However, the FCAT is a lengthy test.  It takes hours to administer, which is often spread across a couple of days.  Although ideally assessments are better administered frequently, it is understandable why it is administered so infrequently.  Nevertheless, assuming that all the previously described environmental factors are optimal and “the planets are aligned”, the test is still a marathon.  Endurance comes into play in this type of situation.  The student may perform well during the beginning of the test.  However, after 30 min, 1 hr, 3 hr, the student’s performance begins to wane by sheer exhaustion in addition to a quickly evaporating motivation.  Educators attempt to eliminate this endurance problem by testing for a few hours each day across a couple of days.  However, as readers of The Child Knows Best, you know that each learner is an individual and unique.  What might be short to one student may seem like an eternity to another.

In a previous article, I wrote about Curriculum Based Assessments (CBA) that are brief (no more than 5 min per subject) and are able to be administered weekly.  This assessment targets the same areas as a larger standardized test, but alleviates the previously described limitations.  I offer the CBA as a replacement to assess student performance.  If the education system is fearful to rid itself of the beast of a traditional standardized test, they can still use it in addition to a CBA.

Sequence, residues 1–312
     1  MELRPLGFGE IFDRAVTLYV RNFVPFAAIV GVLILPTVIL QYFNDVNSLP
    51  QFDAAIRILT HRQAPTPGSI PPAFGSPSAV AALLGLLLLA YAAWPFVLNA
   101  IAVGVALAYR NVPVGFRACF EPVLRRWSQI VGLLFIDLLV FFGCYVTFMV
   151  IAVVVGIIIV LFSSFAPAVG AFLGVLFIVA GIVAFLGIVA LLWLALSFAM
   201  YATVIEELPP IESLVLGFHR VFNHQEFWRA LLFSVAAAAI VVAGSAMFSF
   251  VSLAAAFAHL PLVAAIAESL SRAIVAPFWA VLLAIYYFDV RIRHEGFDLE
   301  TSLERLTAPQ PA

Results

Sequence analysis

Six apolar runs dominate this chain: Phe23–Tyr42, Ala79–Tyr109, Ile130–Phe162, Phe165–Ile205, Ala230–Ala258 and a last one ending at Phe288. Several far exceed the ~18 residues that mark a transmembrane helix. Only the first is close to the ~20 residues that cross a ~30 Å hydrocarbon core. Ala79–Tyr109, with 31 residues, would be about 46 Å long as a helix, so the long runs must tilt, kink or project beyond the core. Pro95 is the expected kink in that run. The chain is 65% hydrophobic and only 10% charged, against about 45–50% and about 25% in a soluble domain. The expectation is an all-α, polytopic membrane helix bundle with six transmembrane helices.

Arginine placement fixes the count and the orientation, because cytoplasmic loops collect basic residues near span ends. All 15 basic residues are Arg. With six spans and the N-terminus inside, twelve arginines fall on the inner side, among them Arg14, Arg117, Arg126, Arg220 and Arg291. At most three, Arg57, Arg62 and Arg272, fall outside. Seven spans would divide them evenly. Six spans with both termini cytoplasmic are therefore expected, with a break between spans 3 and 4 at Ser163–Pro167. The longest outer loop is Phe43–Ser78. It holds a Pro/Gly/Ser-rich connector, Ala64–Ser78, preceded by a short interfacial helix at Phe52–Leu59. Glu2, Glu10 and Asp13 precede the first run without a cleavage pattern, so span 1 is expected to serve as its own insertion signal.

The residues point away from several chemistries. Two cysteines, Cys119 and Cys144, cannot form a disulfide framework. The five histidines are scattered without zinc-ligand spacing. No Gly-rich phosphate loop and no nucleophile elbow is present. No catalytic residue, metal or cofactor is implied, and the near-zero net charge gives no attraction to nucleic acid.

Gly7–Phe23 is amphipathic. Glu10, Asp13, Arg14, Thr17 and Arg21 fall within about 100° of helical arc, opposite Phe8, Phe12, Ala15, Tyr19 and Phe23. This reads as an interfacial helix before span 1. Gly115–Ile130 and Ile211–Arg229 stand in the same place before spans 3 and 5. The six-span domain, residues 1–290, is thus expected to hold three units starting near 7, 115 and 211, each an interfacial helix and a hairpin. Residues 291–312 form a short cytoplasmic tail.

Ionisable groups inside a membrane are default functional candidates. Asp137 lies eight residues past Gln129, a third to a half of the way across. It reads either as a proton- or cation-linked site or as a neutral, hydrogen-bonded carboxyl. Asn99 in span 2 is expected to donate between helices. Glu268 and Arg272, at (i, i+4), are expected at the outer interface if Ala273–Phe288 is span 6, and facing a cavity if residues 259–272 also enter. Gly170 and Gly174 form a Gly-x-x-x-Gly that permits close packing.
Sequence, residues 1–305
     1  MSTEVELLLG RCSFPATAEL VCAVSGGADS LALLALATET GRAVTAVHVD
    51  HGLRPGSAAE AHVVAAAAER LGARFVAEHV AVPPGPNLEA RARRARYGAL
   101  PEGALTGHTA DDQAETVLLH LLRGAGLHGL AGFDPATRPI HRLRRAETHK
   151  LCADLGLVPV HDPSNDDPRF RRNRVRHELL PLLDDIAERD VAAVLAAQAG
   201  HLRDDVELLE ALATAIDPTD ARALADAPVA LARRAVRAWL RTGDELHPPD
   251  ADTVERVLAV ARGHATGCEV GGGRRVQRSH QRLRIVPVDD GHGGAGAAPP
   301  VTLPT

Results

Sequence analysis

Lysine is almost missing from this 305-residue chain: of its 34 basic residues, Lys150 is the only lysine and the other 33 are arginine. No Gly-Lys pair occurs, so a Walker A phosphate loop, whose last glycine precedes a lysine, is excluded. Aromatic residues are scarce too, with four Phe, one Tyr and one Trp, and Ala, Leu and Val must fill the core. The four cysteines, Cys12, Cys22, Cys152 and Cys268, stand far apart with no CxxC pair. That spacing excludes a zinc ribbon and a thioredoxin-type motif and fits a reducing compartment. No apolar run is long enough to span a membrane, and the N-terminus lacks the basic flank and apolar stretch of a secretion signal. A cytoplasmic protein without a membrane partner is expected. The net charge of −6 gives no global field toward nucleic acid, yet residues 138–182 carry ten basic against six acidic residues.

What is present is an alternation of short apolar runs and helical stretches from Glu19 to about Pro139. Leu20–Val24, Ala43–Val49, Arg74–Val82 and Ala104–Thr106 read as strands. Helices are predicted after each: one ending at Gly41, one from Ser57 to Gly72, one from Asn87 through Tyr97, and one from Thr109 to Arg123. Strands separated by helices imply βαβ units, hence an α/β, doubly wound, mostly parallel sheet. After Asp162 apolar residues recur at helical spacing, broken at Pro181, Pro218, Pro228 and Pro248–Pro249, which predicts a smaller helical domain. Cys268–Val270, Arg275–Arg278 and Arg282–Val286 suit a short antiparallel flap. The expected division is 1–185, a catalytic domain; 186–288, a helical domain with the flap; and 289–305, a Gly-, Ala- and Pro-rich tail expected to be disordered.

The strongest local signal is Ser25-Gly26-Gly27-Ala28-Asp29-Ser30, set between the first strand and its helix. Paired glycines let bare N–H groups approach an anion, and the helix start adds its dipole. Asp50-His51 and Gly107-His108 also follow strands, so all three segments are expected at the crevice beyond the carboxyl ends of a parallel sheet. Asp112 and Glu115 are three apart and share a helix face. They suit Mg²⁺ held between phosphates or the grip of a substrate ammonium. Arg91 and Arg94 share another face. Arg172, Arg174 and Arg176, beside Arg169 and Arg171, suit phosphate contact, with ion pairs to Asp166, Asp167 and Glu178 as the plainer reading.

Now that just a few problems with standardized testing have been addressed, it is clear to see why teachers’ salaries should not be based upon this measure.  Assume Sally has a stellar teacher, but the environmental factors and health factors of Sally resulted in her 45% (when her ability was more of a 75%).  It would be awful for Sally’s teacher’s salary to be determined by that low score among other potentially low scores because one boy kept tapping his foot and distracting the 10 students around him.  It would be unfortunate for Sally’s teacher’s salary to be based upon Sally not getting a good night’s rest because her parents kept her up with their screaming over issues on their upcoming divorce.  It would be horrible to base Sally’s teacher’s salary upon Sally having a rough day with her allergies or groggy-state-inducing cold medicine.

Performance-based or merit-based pay is ideal.  Research shows that creating an environment with performance-based pay produces optimal employees with respect to their proficiency and attitudes.  After contacting performance-based pay situation, employees prefer to remain receiving performance-based pay.  However, making the pay contingent upon such a faulty measure like the FCAT opens up a world of issues, much like Pandora’s box.  This is a change that we can believe in; however, this change needs to be a bit more solid before it is effectively implemented.  Gov. Crist, you need a behavior analyst on your committee - I am available.